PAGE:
I first came to Japan in 2011 for an eight-night trip with a hometown friend. About a year later, that same friend checked himself into a mental hospital and was soon diagnosed with paranoid schizophrenia, along with several other crazy-person disorders. He eventually lost his mind completely, and we have not spoken since. I’m not sure why I’m telling you this, but it did happen.
Anyway, back to Japan. I was wildly impressed – and intoxicated – during my brief stay in the land of the rising sun, so I decided to quit my job and return in 2012 with nothing but a single piece of luggage and a slowly dying laptop computer, which I still use. It can’t be that hard to find a job in Japan, right? After all, I have a magic American passport that says I can do anything I want!
Yeah, wrong. As it turns out, showing up without a plan or a work visa will not serve you well in this country, and I spent my first six months in Japan living off the books in various unheated hellholes, the last of which was owned by a slumlord who would bang on my door at 2am to collect rent. Prick.
My bank account rapidly depleting, I had to lock in a visa sponsor fast or I’d be headed back to Boston with my tail between my legs. Luckily, by the grace of God (to be clear, I am talking about this one), I was able to find a sponsor just when I was down to my last month or so of savings. That little stamp in my passport opened a world of possibilities, and I now work for a reputable university that pays well enough for me to drink beer whenever I want to, which is always.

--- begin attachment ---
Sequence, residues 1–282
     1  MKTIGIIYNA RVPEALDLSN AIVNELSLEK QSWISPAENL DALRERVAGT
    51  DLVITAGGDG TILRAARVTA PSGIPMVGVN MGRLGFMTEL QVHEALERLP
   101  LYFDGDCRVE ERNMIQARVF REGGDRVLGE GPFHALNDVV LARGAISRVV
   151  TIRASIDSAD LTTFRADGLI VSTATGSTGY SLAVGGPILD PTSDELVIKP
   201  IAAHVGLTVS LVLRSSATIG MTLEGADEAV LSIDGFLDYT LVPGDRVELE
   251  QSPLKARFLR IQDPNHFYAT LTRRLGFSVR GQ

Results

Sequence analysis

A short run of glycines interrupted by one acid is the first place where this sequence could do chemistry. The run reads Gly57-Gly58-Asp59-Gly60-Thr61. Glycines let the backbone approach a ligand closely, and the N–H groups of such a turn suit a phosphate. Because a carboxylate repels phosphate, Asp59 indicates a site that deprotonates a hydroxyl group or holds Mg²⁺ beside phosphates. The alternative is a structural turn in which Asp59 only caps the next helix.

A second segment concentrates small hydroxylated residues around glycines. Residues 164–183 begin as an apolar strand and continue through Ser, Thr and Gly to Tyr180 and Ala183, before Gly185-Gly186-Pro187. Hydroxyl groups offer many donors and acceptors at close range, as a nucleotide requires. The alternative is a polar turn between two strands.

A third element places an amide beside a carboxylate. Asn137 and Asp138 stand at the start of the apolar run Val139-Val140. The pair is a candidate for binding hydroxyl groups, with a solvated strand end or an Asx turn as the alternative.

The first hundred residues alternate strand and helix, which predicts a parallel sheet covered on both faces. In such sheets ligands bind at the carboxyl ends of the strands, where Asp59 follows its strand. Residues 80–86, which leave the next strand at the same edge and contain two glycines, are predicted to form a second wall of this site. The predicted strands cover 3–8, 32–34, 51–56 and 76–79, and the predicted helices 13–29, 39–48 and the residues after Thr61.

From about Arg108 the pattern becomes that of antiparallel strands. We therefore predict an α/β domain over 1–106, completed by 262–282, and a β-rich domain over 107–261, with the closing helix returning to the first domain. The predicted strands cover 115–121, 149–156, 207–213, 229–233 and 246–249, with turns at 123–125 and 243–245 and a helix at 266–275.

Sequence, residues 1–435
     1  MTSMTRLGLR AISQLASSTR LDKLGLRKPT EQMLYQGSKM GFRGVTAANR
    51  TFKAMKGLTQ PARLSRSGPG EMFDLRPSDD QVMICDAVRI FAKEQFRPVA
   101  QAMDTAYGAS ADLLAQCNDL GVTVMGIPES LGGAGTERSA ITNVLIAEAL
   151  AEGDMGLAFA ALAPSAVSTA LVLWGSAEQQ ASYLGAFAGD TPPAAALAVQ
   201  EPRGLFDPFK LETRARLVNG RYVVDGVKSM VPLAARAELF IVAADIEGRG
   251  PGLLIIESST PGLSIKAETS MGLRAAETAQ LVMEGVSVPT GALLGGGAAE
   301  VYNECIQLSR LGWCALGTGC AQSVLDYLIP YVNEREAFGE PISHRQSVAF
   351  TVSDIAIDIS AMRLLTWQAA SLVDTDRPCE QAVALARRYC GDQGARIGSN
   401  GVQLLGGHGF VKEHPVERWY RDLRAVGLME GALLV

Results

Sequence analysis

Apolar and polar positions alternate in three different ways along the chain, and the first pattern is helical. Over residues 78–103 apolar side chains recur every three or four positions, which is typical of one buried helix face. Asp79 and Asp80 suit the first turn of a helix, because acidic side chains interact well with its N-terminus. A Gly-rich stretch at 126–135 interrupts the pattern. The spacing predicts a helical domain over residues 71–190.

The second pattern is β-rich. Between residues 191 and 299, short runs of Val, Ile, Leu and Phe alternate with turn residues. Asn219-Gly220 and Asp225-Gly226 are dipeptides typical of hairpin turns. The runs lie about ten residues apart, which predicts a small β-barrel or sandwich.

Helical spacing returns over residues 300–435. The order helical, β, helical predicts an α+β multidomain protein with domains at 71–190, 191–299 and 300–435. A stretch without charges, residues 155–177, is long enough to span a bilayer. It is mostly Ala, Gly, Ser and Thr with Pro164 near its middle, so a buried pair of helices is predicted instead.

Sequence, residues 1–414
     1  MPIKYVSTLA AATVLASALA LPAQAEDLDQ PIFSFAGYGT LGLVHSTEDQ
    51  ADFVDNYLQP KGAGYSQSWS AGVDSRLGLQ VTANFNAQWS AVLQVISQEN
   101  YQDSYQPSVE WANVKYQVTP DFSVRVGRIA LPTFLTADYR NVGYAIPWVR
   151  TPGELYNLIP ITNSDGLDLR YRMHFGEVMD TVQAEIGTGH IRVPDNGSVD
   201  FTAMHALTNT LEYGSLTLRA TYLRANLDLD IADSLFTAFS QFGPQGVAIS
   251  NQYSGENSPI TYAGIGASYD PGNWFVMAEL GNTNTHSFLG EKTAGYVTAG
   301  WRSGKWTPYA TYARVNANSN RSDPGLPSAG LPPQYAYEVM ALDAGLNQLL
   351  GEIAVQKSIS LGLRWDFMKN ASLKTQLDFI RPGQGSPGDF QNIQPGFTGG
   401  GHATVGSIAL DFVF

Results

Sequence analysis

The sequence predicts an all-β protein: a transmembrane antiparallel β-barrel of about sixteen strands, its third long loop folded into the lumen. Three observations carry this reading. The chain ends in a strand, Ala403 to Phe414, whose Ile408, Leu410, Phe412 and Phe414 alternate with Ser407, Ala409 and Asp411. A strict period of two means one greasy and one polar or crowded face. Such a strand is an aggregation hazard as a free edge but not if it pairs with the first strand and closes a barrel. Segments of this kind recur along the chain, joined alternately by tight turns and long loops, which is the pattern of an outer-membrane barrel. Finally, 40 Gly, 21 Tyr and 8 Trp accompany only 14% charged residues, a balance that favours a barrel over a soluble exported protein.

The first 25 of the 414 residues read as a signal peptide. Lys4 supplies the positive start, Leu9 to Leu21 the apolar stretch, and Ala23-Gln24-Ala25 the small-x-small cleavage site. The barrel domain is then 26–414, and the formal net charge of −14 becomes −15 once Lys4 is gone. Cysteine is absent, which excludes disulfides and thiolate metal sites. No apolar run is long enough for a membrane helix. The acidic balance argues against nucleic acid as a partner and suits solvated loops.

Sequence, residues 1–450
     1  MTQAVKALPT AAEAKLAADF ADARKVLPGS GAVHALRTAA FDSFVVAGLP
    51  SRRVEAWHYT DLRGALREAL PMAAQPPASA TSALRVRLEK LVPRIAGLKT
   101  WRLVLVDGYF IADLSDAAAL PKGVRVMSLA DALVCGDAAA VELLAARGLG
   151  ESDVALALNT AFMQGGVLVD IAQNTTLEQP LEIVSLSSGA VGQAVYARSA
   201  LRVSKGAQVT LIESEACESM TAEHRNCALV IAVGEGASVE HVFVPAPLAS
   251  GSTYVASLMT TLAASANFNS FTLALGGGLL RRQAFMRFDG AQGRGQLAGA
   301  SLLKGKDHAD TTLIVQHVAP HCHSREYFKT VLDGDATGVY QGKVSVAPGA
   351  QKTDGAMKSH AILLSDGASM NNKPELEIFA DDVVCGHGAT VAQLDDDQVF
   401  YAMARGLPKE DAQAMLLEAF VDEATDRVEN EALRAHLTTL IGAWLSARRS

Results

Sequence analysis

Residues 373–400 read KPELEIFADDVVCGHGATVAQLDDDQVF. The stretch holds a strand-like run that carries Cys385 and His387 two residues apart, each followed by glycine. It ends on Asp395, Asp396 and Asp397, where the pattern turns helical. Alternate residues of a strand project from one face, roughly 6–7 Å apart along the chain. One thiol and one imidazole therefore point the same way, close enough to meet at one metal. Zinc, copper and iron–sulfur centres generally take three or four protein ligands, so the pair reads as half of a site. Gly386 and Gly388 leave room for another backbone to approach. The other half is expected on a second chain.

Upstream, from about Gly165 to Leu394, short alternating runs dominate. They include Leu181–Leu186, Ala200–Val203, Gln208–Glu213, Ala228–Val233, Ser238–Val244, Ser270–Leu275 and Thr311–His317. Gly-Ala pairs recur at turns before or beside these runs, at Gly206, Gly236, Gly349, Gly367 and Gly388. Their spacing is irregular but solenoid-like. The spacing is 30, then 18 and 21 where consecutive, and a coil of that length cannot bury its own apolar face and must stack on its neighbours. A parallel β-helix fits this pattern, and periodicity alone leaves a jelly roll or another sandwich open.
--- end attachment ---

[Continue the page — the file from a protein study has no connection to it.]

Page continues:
This website serves two purposes - one selfish and the other selfless, because hey, the world needs balance. Black and White. Yin and Yang. Johnson & Johnson. The selfish reason is that I want to preserve the memories of my time spent in this country (especially the late night tales, oh my!), because I'm turning 30 this year so the good parts of my life are basically over.
But the other, more important reason is that I want to tell readers everything I’ve learned about Japan from the perspective of an expat who has experienced both high peaks and deep valleys. Japanese life can be fascinating, but it can also be endlessly frustrating. It is exciting and boring; organized and messy, teeming yet lonely. Your experience is what you make of it, so whether you are traveling, living or simply interested in Japan, I hope to leave you with something that makes your experience here better.
Enjoy yourselves, and don’t hesitate to leave comments or questions. I’m not shy and I will reply to you.
- Dave aka Yabatori